Jab To Set Up The Punch

Fishing Heavy Cover with Stacy Twiggs
Jab To Set Up The Punch

Over the past few years, a lot has been written about "punching" matted vegetation. If you're not familiar with the technique, it's a flippin' and pitching method that employs a very heavy weight — usually tungsten — pegged to a soft plastic bait like a Beaver. The heavy sinker is needed to penetrate the dense surface vegetation and get the lure down to where the bass are.

That typically means using a sinker that weighs at least an ounce and sometimes an ounce and a half or even two ounces. The lure needs to be streamlined, too. Lots of appendages (like on creature baits) will catch on the weeds and keep the bait from sinking easily.

Punching has caught tens of thousands of good bass from previously impenetrable cover and opened up an entirely new frontier of fishing opportunities for anglers who are willing to pull out the heavy gear and braided lines and get down to where the bass live much of the year.

For lots of anglers who fish here in Florida or anywhere else heavy vegetation is a viable bass cover — the Potomac River, Lake Guntersville, the Mississippi River, Sam Rayburn Reservoir and too many more to list — punching has become an obsession. It's the go-to technique for much of the year ... and rightly so.

In this article, though, I want to tell you about a technique I've developed that really complements punching and that will put a lot of big bass in your boat if you'll just give it a try.

I call it "jabbing" because it's related to punching and it will even set up your "punches," just like a good jab sets up the punch of an effective boxer.

Here's how it works...

Just as with your punching, you want to use a heavy flippin' rod and quality baitcasting reel filled with braided line — 50-pound-test or heavier. Instead of a heavy sinker and punch bait, though. I use a much lighter sinker (usually 1/4- to 3/8-ounce) and a bait with a little more bulk than a beaver or other punch-style design.

The reason I like the lighter weight is because I'm not going to use this rig to penetrate the densest vegetation. I'm going to use this in the holes and sparser spots that exist in the mats. As you know if you've done much punching, the mats aren't uniformly thick. Some spots are thicker than others and even the densest patches have some little holes or "bald" spots, as I call them. The weeds aren't thick here, and you don't need a heavy weight to get through them.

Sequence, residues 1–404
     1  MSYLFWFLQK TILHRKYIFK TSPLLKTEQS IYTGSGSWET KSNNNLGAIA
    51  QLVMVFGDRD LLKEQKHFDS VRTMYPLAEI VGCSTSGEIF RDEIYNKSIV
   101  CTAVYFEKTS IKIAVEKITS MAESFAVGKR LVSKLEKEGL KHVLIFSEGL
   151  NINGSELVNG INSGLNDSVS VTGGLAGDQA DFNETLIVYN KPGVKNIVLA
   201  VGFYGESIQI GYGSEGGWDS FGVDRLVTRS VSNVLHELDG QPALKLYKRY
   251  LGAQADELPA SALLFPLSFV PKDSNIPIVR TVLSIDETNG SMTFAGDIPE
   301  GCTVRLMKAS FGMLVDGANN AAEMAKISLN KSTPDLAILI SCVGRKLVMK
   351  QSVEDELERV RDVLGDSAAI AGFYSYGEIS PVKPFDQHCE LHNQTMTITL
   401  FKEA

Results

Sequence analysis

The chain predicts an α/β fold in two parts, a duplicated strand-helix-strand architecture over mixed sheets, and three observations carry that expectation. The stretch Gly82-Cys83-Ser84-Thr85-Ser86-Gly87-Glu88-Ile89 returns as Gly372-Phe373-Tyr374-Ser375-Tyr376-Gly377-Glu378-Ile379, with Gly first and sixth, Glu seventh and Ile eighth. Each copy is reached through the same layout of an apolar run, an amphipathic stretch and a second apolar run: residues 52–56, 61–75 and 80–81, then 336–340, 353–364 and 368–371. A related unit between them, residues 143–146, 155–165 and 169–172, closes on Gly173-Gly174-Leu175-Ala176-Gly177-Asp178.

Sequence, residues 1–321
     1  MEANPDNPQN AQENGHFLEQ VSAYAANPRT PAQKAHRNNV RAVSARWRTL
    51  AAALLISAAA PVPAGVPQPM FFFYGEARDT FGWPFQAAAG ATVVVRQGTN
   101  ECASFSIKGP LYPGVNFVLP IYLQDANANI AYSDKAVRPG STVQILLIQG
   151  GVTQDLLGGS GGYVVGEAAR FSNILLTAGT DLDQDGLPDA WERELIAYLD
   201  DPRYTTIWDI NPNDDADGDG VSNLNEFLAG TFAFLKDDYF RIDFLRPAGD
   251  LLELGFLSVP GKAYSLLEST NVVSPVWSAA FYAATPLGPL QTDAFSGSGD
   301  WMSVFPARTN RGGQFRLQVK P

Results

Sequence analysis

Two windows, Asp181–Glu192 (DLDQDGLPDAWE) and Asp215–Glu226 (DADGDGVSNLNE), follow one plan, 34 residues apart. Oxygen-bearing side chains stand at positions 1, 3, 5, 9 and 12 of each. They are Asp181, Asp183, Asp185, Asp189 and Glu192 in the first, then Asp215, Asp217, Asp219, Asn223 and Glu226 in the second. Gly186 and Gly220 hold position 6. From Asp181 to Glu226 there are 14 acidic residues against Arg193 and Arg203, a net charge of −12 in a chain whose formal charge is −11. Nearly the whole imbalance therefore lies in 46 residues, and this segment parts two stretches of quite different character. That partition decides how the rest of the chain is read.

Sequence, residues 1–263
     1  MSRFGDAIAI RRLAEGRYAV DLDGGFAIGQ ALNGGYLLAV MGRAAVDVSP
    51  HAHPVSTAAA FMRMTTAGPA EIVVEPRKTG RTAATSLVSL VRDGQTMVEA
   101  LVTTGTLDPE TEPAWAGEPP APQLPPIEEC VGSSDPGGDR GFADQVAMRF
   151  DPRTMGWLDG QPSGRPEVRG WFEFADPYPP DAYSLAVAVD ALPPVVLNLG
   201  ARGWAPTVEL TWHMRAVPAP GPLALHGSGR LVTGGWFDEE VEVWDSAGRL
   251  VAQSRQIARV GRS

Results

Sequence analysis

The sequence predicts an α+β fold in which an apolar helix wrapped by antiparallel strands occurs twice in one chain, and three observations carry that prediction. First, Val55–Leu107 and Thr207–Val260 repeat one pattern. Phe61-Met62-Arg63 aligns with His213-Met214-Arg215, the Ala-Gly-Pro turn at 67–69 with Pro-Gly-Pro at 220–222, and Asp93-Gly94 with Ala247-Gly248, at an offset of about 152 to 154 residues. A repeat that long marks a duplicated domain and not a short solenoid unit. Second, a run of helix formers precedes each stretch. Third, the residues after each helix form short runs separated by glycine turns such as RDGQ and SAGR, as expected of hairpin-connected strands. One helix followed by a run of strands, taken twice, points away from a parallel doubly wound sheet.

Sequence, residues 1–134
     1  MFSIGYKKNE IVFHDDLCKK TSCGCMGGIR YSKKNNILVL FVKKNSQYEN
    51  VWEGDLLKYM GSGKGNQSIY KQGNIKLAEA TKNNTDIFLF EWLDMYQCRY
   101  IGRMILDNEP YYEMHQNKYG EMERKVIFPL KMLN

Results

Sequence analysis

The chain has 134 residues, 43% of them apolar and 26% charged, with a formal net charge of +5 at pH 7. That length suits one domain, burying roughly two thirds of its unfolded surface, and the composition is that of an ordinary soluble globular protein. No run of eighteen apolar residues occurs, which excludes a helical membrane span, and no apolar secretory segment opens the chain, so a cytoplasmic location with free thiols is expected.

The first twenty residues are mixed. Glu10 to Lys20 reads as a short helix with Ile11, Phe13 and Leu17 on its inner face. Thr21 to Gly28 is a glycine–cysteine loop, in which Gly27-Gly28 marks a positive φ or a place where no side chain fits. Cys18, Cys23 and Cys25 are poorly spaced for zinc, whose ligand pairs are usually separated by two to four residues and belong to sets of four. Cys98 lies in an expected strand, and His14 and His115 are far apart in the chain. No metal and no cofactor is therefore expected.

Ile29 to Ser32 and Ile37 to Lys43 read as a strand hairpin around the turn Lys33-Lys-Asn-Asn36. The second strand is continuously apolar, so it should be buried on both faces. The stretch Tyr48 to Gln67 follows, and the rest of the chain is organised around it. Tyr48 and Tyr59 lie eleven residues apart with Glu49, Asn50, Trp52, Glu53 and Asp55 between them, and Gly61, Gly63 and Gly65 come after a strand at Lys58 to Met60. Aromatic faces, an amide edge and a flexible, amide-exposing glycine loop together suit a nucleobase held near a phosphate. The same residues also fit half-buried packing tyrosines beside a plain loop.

I use a bulkier bait because I don't usually want it to fall all the way to the bottom. Instead, I want it to look like something that was moving across the mat and then fell into the holes or bald spot. A bulkier bait gives a great silhouette and makes a great target for a bass that's keeping her eye on that area. If your bait falls all the way to the bottom, you might get bit, but you might also miss that bass that's holding just under the canopy and looking up for an easy meal.

I also like to use the lighter weight and bulkier lure to bang against the underside of the weeds and pads on the surface. It works much better than a heavier weight because it doesn't get mired against the vegetation as you lift it up.

By banging the sinker and bait against the underside of the canopy, you can get the attention of some fish that are higher in the water column and make them think an easy meal is about to escape.

The strikes can be explosive!

For me, dark colors work best for jabbing. I think they offer a better silhouette, but you should experiment until you find what works on any given day.

And don't forget to use the "jab" to set up your "punch." More times than I can tell you about here, I've jabbed once, then come back with the heavier sinker and punch bait in the same spot and caught a big bass. I think the jab got their attention and the punch drew a reaction strike. It's why I keep two outfits rigged and ready to go whenever I'm fishing heavy vegetation.


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